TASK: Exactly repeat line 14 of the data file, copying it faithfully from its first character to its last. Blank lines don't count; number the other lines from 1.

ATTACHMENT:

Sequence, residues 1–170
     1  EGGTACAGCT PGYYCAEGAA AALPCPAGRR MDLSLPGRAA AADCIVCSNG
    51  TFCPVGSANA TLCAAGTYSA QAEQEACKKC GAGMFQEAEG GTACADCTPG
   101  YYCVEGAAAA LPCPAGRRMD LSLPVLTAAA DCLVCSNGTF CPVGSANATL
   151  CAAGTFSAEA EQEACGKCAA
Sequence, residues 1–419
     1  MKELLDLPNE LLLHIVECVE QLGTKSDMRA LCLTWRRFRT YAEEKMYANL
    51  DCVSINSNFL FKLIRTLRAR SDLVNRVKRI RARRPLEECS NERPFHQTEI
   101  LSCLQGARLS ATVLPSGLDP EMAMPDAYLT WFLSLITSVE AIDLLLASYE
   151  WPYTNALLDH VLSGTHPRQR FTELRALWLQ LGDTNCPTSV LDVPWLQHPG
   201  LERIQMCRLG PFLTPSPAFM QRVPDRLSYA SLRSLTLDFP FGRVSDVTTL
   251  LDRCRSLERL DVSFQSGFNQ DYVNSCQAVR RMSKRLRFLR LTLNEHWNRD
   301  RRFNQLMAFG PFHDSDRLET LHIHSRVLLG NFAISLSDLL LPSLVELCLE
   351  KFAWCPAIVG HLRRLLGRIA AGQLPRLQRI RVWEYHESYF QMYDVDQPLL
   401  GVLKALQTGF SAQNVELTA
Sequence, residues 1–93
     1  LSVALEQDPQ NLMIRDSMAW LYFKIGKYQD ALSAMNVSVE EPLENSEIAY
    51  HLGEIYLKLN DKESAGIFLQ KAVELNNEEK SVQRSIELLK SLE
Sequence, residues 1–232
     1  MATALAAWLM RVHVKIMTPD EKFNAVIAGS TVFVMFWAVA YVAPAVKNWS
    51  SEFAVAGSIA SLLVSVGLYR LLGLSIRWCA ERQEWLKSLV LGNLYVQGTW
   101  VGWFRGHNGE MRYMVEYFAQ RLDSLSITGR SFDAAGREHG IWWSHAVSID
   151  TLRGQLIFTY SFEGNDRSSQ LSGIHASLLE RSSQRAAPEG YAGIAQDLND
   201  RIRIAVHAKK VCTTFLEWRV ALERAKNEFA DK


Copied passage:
   351  KFAWCPAIVG HLRRLLGRIA AGQLPRLQRI RVWEYHESYF QMYDVDQPLL